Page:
Philips Respironics V200 critical care ventilator and Respironics NM3 respiratory profile monitor
According to the authors of a recent Cochrane Review, ventilator-associated pneumonia (VAP) is defined as pneumonia developing in persons who have received mechanical ventilation for at least 48 hours.(4) VAP is a potentially serious complication in these patients who are already critically ill.
Maintaining a clean and healthy mouth by preventing the build-up of plaque biofilm on the teeth may help reduce the risk of developing VAP. Oral hygiene care (OHC), using either a mouthrinse, gel, toothbrush, or combination, together with aspiration of secretions may reduce the risk of VAP in these patients.(4) The objective of the review was to assess the effects of OHC on the incidence of VAP in critically ill patients receiving mechanical ventilation in intensive care units (ICUs) in hospitals.
The question was whether oral hygiene care could reduce the incidence of ventilator-associated pneumonia (VAP) in critically ill patients receiving mechanical ventilation in intensive care units (ICUs) in hospitals (excluding the use of antibiotics). The intent was to summarize the available suitable research in order to facilitate the provision of evidence-based care for these vulnerable patients. Trials were grouped into four main comparisons:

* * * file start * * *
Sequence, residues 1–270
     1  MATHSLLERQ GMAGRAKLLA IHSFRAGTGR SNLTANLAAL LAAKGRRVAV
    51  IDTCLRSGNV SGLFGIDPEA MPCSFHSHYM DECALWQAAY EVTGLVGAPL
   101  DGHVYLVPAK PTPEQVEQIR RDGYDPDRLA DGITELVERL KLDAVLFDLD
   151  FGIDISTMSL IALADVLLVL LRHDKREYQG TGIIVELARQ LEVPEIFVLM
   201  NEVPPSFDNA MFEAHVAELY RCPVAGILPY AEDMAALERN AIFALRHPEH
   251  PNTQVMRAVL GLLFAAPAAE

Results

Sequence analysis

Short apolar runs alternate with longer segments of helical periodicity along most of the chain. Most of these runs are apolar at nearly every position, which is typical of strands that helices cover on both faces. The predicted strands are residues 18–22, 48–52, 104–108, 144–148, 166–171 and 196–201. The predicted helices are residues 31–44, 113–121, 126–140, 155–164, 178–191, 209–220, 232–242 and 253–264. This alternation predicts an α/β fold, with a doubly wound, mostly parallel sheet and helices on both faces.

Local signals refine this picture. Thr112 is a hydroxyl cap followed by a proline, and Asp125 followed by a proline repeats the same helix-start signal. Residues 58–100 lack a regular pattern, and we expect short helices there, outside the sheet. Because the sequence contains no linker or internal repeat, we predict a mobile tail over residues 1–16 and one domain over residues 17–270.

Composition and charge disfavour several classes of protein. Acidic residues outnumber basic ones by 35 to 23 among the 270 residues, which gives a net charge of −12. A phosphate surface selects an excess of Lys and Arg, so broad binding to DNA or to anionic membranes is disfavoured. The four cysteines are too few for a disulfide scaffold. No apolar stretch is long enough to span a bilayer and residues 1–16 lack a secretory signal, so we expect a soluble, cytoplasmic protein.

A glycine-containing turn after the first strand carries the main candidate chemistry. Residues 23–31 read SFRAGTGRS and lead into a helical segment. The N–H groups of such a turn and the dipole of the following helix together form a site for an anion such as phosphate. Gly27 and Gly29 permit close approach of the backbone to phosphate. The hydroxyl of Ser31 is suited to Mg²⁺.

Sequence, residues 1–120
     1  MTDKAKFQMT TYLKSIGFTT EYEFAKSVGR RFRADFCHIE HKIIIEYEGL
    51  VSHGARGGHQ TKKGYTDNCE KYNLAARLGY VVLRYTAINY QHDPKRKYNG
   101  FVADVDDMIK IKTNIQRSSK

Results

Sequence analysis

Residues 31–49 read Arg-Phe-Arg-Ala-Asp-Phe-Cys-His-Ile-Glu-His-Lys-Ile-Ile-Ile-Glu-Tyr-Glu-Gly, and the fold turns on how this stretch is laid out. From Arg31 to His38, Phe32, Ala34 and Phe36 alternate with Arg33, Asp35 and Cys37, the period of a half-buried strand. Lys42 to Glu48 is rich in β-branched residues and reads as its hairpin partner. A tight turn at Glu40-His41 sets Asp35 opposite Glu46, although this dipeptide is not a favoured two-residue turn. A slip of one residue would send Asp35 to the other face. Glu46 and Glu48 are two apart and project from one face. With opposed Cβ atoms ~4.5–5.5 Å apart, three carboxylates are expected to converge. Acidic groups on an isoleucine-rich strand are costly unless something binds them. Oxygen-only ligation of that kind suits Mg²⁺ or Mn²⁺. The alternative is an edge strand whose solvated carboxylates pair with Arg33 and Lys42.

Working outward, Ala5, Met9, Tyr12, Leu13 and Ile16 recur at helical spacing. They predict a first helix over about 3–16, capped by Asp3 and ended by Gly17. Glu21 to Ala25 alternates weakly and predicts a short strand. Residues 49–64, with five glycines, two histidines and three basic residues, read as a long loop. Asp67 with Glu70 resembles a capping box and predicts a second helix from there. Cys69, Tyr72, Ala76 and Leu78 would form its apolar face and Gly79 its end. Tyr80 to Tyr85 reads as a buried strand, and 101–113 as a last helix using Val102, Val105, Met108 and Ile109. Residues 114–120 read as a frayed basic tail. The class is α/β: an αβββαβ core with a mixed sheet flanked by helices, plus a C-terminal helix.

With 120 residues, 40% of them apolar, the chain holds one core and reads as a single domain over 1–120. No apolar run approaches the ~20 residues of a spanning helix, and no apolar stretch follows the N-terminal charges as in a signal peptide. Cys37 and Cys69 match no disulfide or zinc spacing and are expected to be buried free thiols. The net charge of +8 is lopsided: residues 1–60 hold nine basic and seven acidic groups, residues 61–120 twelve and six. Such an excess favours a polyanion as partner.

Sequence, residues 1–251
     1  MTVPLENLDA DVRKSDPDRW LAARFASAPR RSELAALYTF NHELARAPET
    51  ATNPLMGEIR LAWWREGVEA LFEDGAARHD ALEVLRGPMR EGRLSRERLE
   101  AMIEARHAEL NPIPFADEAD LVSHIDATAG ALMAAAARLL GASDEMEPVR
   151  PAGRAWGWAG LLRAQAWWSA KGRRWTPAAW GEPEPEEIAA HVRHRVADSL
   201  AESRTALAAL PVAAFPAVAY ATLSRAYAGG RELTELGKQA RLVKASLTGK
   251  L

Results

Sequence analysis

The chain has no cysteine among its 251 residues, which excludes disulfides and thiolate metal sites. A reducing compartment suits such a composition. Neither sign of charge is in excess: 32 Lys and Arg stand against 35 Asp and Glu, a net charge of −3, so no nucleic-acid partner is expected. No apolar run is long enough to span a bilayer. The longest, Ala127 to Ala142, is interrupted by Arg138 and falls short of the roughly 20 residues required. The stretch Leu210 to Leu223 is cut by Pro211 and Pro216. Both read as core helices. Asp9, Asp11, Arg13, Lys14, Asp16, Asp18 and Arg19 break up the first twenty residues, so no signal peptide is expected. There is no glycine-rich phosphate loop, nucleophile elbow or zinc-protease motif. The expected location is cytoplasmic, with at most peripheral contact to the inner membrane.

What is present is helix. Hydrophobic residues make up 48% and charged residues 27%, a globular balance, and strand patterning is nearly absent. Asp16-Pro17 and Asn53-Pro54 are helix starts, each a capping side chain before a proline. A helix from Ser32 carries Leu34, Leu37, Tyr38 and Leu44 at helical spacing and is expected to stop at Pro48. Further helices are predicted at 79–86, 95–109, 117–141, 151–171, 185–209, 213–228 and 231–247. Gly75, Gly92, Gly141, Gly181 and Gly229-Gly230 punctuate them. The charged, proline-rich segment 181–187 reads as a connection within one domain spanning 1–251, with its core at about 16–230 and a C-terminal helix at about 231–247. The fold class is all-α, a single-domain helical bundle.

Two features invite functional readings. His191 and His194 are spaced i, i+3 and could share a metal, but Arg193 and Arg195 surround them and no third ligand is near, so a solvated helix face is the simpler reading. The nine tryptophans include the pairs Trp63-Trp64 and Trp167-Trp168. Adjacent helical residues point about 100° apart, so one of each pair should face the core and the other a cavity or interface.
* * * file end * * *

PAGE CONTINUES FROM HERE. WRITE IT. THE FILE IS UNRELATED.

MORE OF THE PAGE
1. Chlorhexidine antiseptic mouthrinse or gel compared to placebo (treatment without the active ingredient chlorhexidine) or usual
care, (with or without toothbrushing).
2. Toothbrushing compared with no toothbrushing, (with or without chlorhexidine).
3. Powered compared with manual toothbrushing.
4. Oral care with other solutions.
Daily oral care health assessment adapted.(6)References 1. Prendergast,V., Hallberg, I.R., Hagell, P., Jahnke, H., Kleiman, C., 2009.Oral health, Ventilator associated pneumonia and intracranial pressure in intubated patients in neuroscience intensive care unit. American Journal Of Critical Care, 18(4), pp 369 – 376. 2. Berry, A. M., Davidson, P.M., Masters, J., Rolls, K., 2007. Systematic literature review of oral hygiene practices for intensive care patients receiving mechanical ventilation. American Journal of Critical Care, 16(6), pp 552 – 562. 3. Kishimoto, H., and Urade, M., 2010. Assess Dental plaque and suction- Etricated bacteria adequately. Chest, 137(1) pp 500. 4. Shi Z, Xie H, Wang P, Zhang Q, Wu Y, Chen E, Ng L, Worthington HV, Needleman I, Furness S. Oral hygiene care for critically ill patients to prevent ventilator-associated pneumonia. Cochrane Database of Systematic Reviews 2013, Issue 8. Art. No.: CD008367. 5. Njoroge N and Paul F. Reducing Ventilator Associated Pneumonia (VAP): The Importance Of Oral Care In Mechanically Ventilated Patients. ICU Management, Volume 11, Issue 1, Spring 2011. 6. Pear, S.M., Stoessel, K., Shoemake, S., 2007. Oral care is critical care: The role of oral care in the prevention of hospital acquired pneumonia. Infection Control Today, 11(10).